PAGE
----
When operating the gas field ion beam system for several days with high helium or neon gas flows, the operation of the gas field ion source can include a step of allowing the cryo-pumping surfaces, i.e. the base platform 31, the gas supply tube 40, the extractor electrode 38, the insulators 33, 37 and the emitter tip 34 to warm up briefly. As a result of this warming-up the accumulated cryo-adsorbed atoms can be desorbed and then pumped away via the turbo-molecular pumps 17, 60. Also the gas delivery tube 40 which supplies the noble gas like helium or neon gases from the external gas supply bottles 61, 62 to the proximity of the emitter tip 34 can be cryogenically cooled. This serves to purify the supplied gases by allowing impurities, such as H2O, CO, CO2, N2, O2, etc., to be cryo-pumped onto the tube's 40 surface. To clean the surface of the tube 40 of the gas supply, it can be periodically heated to a high temperature by heater 73 similar as the other cryo-pumping surfaces to a temperature of at least 100° C., more preferable to 150° C. or even 200° C., to allow these accumulated adsorbates to be released and pumped away via the turbo pumps 60, 17.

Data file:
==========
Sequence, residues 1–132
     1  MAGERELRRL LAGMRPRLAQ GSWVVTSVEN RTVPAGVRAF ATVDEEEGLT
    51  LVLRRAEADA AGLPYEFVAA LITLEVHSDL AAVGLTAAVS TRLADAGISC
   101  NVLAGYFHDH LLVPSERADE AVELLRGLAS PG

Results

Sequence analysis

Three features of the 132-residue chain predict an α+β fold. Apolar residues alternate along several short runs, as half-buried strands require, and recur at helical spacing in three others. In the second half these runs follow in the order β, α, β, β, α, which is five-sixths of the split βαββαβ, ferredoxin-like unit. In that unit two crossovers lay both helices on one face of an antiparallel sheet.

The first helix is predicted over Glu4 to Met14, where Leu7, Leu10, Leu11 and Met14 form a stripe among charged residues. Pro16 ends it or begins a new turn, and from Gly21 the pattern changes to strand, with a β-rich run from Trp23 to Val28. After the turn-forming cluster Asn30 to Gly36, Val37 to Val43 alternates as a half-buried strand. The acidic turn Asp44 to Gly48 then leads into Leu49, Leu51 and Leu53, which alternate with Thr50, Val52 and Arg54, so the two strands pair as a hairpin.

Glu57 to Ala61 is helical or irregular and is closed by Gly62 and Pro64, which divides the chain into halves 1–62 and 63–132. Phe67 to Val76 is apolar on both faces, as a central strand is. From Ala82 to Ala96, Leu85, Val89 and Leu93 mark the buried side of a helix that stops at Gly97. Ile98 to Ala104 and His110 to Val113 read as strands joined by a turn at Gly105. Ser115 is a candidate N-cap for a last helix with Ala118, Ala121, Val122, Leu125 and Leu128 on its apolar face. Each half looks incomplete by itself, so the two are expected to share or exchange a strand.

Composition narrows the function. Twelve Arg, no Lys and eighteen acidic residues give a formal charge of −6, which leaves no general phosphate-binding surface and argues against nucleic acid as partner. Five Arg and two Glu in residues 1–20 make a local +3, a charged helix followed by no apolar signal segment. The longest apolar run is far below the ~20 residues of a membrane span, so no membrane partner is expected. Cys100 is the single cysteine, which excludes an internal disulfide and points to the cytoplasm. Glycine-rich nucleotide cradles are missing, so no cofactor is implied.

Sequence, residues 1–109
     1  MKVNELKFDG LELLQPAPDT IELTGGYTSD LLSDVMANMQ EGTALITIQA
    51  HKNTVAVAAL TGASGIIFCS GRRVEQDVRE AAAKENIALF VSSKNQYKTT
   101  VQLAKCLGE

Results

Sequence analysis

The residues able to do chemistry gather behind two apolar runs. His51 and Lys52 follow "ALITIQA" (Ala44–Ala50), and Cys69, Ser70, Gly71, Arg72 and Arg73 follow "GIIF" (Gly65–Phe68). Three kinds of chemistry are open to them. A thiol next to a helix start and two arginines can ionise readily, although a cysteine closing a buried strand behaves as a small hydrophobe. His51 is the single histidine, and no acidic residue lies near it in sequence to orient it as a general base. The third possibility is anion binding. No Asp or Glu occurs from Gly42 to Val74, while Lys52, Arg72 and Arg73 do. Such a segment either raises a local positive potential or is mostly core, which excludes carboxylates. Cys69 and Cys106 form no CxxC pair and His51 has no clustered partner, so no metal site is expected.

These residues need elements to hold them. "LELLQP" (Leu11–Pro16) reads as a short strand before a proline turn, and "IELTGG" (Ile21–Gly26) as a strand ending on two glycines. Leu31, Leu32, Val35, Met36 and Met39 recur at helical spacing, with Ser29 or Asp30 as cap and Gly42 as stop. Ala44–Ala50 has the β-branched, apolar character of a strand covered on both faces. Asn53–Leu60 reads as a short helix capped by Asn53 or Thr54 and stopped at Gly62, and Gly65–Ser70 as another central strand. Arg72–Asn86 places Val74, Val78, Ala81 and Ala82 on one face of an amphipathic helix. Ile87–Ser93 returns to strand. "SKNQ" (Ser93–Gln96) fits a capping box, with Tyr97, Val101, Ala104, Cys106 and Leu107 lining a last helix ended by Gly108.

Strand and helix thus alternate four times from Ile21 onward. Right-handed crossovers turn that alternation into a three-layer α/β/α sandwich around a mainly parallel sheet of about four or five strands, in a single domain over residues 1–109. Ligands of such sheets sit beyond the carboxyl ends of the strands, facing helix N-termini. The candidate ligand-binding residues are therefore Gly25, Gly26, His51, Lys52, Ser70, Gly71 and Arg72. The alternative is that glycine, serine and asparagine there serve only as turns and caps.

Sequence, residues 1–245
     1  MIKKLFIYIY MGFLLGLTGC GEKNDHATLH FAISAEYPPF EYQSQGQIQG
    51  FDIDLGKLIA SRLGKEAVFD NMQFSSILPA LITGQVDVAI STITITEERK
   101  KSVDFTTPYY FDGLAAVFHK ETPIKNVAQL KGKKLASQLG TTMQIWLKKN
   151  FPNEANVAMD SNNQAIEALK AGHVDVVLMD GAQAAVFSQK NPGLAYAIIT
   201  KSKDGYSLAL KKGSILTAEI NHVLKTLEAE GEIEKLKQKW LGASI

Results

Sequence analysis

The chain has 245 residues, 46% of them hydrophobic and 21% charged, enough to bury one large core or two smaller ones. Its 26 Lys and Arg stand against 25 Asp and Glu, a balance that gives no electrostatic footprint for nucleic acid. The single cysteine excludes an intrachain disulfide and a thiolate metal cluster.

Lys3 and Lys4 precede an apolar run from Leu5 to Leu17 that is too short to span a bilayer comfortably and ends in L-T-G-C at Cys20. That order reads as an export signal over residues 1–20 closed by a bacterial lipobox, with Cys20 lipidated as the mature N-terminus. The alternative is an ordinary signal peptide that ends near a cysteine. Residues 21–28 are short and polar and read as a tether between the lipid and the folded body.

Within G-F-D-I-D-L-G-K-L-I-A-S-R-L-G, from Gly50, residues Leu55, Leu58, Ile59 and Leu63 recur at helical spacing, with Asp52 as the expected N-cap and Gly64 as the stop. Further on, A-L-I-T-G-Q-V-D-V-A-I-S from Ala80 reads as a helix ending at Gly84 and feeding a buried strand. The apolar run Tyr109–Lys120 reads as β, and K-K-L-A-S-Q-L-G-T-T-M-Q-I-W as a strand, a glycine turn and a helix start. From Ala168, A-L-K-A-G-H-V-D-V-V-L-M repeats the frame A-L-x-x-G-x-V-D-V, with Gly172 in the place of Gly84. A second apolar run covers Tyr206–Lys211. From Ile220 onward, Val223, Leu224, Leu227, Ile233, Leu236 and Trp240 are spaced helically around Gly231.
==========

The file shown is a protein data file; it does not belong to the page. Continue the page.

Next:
The gas delivery tube 40 has an inner diameter that is between 1 mm and 6 mm. The gas delivery tube 40 connects the external gas delivery system through the walls of the external gas containment 81, all the way to the internal gas confining vessel 41. The gas delivery tube 40 has a bypass valve 67, to facilitate the exhausting of the desorbed gases. The bypass valve 67 prevents the desorbed gases from being largely trapped in the inner gas confining vessel 41. The bypass valve 67 can be completely external to the vacuum housing, or integrated into the inner gas confining vessel 41.

It has turned out that it is advantageous to periodically clean the emitter tip of adsorbed adatoms by one of three techniques. One of the three techniques is to periodically heat the emitter tip 34 while keeping the components forming the inner gas confining vessel 41 at cryogenic temperature, for example to a temperature of 300° C. or more for a time of 1 minute or more. This heating of the emitter tip 34 can cause the accumulated adsorbed atoms to be thermally excited so that they desorb and transfer to less critical surrounding surfaces. Those surfaces, primarily the surface of the extractor electrode 38 being cold, will hold the adatoms and reduce the likelihood of being transferred back to the emitter tip 34.